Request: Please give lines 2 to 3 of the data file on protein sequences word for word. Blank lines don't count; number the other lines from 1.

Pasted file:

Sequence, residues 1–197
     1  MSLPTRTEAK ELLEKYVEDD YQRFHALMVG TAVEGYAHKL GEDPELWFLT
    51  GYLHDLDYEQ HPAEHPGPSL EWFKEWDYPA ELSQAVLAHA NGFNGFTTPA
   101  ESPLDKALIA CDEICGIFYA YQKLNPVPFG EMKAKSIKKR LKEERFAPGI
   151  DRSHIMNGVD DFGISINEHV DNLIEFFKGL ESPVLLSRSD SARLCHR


     1  MSLPTRTEAK ELLEKYVEDD YQRFHALMVG TAVEGYAHKL GEDPELWFLT
    51  GYLHDLDYEQ HPAEHPGPSL EWFKEWDYPA ELSQAVLAHA NGFNGFTTPA